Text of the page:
The ways in which new media networks modulate on the discourse level the singular and collective individuation have two apparently contradictory dimensions, but their association actually makes them very effective : on the one hand, they entail an increase in the number of life forms in language ; on the other hand, they bring about a depotentialization of these life forms, a decrease of their power to act and exist. Certainly, our fluid world enables proliferation of practices ; however most of these are less intense. Often, far from strengthening the experience or the capacity for action of singular and collective individuals, they metamorphose them into mere substrates of greater work and consumption.
We have seen that the boom in the media sphere has opened up new areas for expression, communication and experimentation, which can improve the quality of individuation, but at the same time, the discourses are often emptied of any tension and any force of negation, in order to make them more easily exchangeable. Any consideration for the capacity of individuation permitted by this or that language practice must give way to how this practice can be produced inexpensively and what profit it can yield if it is launched on the infinite media web.
The issue is roughly the same for the body. Most institutions, that once submitted it to discipline, introduced new body techniques enabling greater diversity of corporeities. The school has abandoned uniform, marching in and corporal punishment ; hospital and prison have introduced the notion of « open milieu » ; the factory, at least in the already industrialized countries, has transformed the line work and substituted more flexible Toyotists to old Taylorist methods. Thus, it looked for a time that an improvement of the body condition of individuals was going to happen.
But the situation produced by the rhythmic fluidification of recent decades is, again, very ambivalent : postmodern proliferation of these forms provides more freedom, but it is also heavily dominated by the need, specific to global capitalism, to diversify as much as possible producer and consumer bodies. That is why bodies are subjected to workouts, diets, markings and transformative practices, which in a sense individualize them but, insofar as these practices are usually dictated by advertising, fashion and cosmetics industries, also endow them with a purely aesthetic individuation characterized by a low action potential.
One observes, finally, the same trend regarding sociability. Its fluidification has undoubtedly brought greater freedom to individuals. These are less constrained by the collective rhythms, whether the short daily rhythms or the longer rhythms of life. Many enjoy a greater autonomy in choosing their own. But, apart from sometimes increased surveillance, this freedom entails deterioration of the contrasts that allowed these rhythms, through clear distinction of times, to strengthen both singular and collective individuation. The succession of periods of work and leisure, for example, is both fractionated and blurred. The dispersal of daily schedules, the fragmentation of holidays and the new technical capabilities for joining workers at any time have caused an interpenetration of family, private, and personal time, on one hand, and of labor and trade time, on the other. Thus, times that previously allowed unbinding, i. e. times for yourself, have been transformed back into integration times, times for others. Conversely, working time, which hitherto offered workers the opportunity to enter in intense interactions, has been increasingly seen as a time during which they have to engage in ephemeral teams and fierce competition. The integration time has been replaced by an unbinding time.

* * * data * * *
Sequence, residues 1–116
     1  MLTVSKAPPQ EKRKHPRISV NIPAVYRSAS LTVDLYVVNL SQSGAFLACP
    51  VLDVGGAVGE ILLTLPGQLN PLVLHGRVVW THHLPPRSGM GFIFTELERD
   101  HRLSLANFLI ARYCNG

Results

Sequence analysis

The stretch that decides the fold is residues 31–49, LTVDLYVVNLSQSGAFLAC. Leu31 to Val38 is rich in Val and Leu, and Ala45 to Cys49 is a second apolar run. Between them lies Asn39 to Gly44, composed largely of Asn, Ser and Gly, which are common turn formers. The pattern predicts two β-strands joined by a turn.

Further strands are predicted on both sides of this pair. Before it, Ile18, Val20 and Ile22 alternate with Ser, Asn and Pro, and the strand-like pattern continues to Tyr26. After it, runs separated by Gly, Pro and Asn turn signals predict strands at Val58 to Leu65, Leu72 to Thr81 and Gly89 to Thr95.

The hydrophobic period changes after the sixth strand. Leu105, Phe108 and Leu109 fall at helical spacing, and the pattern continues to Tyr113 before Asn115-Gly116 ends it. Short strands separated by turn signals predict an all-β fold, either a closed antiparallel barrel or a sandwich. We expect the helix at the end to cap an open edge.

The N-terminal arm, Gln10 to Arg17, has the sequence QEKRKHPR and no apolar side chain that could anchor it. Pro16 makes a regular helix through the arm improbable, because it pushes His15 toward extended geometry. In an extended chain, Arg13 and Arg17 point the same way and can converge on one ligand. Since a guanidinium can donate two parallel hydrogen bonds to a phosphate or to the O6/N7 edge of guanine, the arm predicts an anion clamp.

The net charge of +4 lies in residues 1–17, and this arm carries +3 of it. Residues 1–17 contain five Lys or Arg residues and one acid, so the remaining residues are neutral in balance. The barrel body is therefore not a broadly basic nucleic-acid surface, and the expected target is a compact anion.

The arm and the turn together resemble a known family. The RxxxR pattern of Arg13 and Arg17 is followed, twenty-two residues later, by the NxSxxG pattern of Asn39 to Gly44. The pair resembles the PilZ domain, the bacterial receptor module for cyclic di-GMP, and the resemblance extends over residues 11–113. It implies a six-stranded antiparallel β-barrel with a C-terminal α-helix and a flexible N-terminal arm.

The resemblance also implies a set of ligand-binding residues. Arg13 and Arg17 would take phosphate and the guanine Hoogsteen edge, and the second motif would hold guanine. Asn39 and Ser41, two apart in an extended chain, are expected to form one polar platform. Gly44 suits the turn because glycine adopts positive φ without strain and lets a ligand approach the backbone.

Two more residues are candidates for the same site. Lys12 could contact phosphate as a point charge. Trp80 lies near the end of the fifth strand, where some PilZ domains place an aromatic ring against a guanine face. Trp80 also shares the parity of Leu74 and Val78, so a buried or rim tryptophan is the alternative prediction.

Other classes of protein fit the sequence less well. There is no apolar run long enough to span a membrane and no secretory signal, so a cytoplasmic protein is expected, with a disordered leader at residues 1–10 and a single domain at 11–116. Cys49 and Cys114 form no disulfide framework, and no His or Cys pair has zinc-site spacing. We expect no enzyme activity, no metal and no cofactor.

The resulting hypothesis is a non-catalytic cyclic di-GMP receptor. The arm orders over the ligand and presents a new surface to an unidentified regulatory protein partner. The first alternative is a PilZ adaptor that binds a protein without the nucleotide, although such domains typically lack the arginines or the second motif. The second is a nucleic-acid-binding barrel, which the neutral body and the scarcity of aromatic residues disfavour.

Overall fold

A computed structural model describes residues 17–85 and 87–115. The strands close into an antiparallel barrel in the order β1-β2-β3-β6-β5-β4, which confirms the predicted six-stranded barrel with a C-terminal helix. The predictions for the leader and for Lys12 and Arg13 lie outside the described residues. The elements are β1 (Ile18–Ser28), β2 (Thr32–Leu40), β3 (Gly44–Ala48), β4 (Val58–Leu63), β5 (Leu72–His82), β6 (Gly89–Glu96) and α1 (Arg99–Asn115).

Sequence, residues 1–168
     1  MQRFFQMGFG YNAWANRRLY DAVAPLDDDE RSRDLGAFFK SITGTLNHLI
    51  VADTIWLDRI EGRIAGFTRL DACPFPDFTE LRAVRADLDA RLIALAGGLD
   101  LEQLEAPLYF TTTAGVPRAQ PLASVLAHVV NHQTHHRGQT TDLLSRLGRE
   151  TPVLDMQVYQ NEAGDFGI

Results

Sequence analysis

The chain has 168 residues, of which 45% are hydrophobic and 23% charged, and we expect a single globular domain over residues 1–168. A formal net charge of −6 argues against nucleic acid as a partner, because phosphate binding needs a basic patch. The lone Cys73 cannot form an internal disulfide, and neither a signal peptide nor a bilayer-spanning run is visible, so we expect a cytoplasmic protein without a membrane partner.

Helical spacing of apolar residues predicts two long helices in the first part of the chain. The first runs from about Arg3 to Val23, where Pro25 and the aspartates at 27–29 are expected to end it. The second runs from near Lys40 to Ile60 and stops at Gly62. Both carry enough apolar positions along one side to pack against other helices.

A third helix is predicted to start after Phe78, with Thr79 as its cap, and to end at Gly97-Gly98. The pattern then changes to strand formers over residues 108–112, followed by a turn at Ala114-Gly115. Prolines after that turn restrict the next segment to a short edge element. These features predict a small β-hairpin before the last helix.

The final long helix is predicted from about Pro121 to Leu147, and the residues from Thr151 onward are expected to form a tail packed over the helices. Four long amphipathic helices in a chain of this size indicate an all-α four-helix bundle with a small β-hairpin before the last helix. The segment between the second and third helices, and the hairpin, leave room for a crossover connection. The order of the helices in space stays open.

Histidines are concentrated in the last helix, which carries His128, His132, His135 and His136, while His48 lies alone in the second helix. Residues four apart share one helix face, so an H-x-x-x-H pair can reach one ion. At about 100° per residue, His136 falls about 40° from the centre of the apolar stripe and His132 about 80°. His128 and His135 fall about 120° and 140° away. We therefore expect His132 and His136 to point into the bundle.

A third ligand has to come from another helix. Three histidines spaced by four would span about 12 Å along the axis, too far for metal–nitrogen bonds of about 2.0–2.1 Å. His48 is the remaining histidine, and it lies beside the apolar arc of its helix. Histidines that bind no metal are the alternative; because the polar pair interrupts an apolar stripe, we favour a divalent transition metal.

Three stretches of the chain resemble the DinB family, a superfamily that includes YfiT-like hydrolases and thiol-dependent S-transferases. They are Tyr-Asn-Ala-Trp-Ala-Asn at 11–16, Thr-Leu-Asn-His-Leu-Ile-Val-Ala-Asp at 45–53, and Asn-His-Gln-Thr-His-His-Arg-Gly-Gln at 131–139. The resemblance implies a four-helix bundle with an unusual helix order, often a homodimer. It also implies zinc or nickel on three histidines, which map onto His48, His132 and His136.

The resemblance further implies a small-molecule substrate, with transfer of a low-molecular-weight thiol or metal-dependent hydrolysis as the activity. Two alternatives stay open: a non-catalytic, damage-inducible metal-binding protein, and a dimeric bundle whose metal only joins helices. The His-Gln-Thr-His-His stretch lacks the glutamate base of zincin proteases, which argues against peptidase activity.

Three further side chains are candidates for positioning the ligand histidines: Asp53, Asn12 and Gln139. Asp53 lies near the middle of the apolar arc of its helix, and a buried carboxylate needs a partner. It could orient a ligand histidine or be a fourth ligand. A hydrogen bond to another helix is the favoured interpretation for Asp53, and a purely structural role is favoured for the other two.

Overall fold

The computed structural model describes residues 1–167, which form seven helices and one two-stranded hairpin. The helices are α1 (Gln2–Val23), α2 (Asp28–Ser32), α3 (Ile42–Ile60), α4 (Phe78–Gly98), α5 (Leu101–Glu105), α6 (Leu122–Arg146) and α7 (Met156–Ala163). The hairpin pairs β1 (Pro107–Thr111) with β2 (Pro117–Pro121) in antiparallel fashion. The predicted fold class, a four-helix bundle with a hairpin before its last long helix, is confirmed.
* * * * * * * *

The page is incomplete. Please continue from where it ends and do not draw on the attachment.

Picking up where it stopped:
This combination of a multiplication of life forms and their depotentialization clearly distinguishes the new typical forms of power in global capitalism from totalitarian powers of the 20th century which, in contrast, tend to restrict as much as possible the range of forms of individuation. At the same time, we see that they are clearly moving away from democracy, since this proliferation is accompanied by a generalization of diffusing procedures of the tensions and potentials which could make these forms and their conflict fruitful.
Thus liberal democracies, which were previously seen as machines for producing emancipated individuals, tend to become today immense apparatuses that ensure, through a generalized fluidification of corporealities, discursivities and socialities, the proliferation of weak and floating individuals, constantly caught by the needs of production and market exchange.